For my project I will be diving into a new emerging genre of music that most have not heard of before called Electro Swing. It is not a cultural phenomenon by any means but it does have a strong subculture in Europe, specifically France. I came to learn of this genre through browsing music on Reddit and I immediately responded to it. I loved it, it combined old school swing music such as Django Reinhardt but added a techno side creating a completely unique genre. Nobody know’s who started the genre but we know it did start a few years ago when some DJ’s began adding swing/jazz music to house/hip-hop music. Apparently many producers were trying it back int the 1980’s such as Mike Dixon and James Curd.

It became popular in Europe thanks to Romain BNO: he and his peers are amongst some of the best french producers, having remixed and released the G-Swing tracks on an album called “Swing For Modern Clubbing.” I plan onto diving more into the culture and the comings about of this unique genre. Popular artists with the genre right now are Caravan Palace, Parov Stellar, G-Swing, or Goldfish.

Caravan palace- Rock It For Me

Parov Stelar – Catgroove

G-Swing – Mood Indigo ft. Nina Simone

Goldfish- Wet Welly

Subway Music

You guys ever see those musicians in the subway jamming about as everyone goes about their daily commute? Some are good and some are terrible but we rarely ever take the time to really listen. A while back sometime in 2007 Joshua Bell, a famous violinist took to the DC metro and took out his 3.5 million dollar violin out to give the people a little show during rush hour. Now if you’re at rush hour in NYC nobody stops for anything and the same goes for the DC metro. Only seven people stop to hear him play out of hundreds and people are none the wiser and I’m sure plenty of these people still don’t realize that they were serenaded by one of the greatest classical musicians of our time.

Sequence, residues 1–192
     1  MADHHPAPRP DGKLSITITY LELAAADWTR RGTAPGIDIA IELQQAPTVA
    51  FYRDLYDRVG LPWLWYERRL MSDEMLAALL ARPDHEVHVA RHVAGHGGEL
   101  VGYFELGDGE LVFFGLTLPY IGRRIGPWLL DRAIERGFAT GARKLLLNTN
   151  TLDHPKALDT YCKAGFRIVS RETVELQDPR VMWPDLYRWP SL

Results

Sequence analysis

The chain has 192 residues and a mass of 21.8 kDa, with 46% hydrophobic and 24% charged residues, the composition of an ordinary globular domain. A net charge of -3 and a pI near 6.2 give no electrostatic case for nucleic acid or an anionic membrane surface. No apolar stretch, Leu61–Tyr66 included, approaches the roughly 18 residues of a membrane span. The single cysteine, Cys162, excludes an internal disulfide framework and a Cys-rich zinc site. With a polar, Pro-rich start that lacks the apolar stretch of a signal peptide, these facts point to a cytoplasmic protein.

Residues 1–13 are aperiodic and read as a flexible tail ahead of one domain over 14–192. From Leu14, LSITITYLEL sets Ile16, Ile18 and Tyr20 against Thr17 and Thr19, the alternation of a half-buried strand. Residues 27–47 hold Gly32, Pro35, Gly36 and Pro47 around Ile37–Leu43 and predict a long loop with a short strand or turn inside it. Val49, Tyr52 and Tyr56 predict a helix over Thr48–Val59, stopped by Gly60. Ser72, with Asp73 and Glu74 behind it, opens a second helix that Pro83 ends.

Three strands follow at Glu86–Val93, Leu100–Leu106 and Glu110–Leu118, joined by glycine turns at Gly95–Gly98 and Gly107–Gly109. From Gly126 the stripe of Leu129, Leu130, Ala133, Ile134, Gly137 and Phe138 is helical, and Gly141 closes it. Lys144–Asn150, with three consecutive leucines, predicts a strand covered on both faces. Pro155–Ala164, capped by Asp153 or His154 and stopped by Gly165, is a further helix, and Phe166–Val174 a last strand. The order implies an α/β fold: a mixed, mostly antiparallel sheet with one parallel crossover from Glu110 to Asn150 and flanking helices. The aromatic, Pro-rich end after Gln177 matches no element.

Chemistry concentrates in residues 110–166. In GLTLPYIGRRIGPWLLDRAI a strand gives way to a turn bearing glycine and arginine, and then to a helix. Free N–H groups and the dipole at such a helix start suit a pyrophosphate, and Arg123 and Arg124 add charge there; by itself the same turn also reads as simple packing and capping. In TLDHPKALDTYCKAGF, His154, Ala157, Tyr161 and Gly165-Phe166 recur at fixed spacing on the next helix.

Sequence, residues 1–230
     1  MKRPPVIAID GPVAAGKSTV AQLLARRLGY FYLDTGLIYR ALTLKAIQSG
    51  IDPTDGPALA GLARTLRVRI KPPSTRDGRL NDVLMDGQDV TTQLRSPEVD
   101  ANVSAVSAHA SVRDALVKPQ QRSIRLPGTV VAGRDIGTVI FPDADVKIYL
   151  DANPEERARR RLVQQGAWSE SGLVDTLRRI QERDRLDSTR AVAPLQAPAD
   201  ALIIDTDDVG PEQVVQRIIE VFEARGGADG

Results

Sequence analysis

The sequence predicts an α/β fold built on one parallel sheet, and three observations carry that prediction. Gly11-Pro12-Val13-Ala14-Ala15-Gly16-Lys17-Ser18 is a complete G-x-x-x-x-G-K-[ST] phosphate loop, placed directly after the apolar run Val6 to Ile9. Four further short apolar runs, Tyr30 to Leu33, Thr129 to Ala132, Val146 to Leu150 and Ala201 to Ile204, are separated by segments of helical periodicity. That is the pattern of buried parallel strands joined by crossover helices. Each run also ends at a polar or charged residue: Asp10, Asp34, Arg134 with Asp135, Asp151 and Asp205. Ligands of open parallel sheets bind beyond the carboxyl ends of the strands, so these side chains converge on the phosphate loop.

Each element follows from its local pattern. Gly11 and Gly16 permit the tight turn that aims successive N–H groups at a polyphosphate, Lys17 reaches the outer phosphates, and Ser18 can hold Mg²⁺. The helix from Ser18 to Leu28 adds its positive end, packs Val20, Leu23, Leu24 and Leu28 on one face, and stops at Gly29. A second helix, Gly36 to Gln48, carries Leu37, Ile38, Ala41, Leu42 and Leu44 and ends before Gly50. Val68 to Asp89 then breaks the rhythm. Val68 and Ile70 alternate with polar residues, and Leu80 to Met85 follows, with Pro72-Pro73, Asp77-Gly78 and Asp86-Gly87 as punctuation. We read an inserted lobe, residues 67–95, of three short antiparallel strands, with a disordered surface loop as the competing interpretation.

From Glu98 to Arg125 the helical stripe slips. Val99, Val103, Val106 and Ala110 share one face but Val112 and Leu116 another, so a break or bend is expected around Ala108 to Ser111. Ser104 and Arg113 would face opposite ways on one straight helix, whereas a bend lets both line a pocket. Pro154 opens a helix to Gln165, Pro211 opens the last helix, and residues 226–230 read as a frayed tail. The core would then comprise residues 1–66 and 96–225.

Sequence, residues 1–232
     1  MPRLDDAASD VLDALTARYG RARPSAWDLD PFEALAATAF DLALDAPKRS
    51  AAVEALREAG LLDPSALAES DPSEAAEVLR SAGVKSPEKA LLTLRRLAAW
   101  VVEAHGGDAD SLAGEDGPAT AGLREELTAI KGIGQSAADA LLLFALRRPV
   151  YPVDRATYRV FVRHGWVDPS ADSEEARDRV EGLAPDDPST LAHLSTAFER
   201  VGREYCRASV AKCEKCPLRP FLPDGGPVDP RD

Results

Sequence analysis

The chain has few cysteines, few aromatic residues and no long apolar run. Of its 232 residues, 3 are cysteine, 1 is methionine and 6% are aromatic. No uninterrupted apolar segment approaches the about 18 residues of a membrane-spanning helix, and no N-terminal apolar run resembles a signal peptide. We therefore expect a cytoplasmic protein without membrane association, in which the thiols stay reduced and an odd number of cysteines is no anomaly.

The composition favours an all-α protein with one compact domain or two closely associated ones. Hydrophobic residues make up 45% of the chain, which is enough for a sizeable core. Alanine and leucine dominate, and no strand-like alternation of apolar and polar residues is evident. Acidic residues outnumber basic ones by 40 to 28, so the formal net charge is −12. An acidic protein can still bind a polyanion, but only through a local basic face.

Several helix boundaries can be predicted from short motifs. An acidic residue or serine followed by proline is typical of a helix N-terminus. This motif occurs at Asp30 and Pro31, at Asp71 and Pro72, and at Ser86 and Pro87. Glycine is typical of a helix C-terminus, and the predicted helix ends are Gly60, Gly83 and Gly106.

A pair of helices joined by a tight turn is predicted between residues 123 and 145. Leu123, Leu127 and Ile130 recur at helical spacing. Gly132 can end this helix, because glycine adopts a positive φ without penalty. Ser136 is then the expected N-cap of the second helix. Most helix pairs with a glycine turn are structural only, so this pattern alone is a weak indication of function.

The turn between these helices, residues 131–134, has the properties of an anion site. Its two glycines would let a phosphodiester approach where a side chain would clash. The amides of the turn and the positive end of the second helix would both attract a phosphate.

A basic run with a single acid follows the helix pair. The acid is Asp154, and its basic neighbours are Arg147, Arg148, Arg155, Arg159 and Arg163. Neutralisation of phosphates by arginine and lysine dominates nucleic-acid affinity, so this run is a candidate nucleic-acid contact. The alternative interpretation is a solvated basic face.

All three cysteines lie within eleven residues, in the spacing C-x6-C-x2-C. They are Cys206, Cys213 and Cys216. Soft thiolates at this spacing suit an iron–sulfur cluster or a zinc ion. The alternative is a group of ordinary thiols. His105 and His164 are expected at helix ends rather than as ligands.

Here’s the video of his performance: Joshua Bell – Stop and Hear the Music

I was recently on Reddit and came across an interesting video of a musical trio that performs in the Union Square subway station. All three of them are talented musicians and they all show their skills in the video. The most astounding part is that you see people actually stopping and constantly giving them money for their show or picking up their flyer to see who they are. At the end of the video you see a crowd of people which is unbelievable in my opinion for a subway music group. Somehow they were able to attract people out of their humdrum commutes and wake them up and get them listening to the music even if they could only listen for a minute or two. I wonder if they garner so much attention because of their music and how loud and rhythmic compared to Josh Bell who’s violin fell on deaf ears. I mainly feel its because of the energy this band gives off compared to Josh Bell that they were able to generate much more attention. But its still crazy to see a world famous violinist go unnoticed, it just goes to show how little people often notice something unless its blasting at them like TOO MANY ZOOZ.

Here’s the link I encourage you to listen to the whole thing: TOO MANY ZOOZ rocks Union Square

Response – In Defense of Disco

Early on Dryer discusses how Disco was more than just music, it was an experience, it was a lifestyle. When looking back on Disco music its easy to see how it became a cultural phenomenon and more than just music, with the disco techs and crazy outfits. He goes on to talk about how Disco was hated for two main reasons: it was seen as a capitalist mode of production and the message or ideological expression it stood for. Other types of music such as rock and folk could be produced through easier means and Disco was seen as giving into the man and capitalism. Its funny how we are starting to have the ideology once again with the sudden uprising of indie artists that aren’t taking labels and are independently producing music so they can say what they want to say.

Disco was seen as a product of capitalism so along with it came a capitalist message that people did not respond well too. Capitalism can make profit from something that is ideologically against it. Dryer quotes “As long as it makes a profit what does it matter?” This statement encompasses capitalism and shows how relevant it still is and will forever be in a capitalist society. For example, Miley Cyrus with her wrecking ball video or Chris Brown hitting Rhianna did not stop people from buying their music even though one used to be a Disney Star and the other was just an asshole.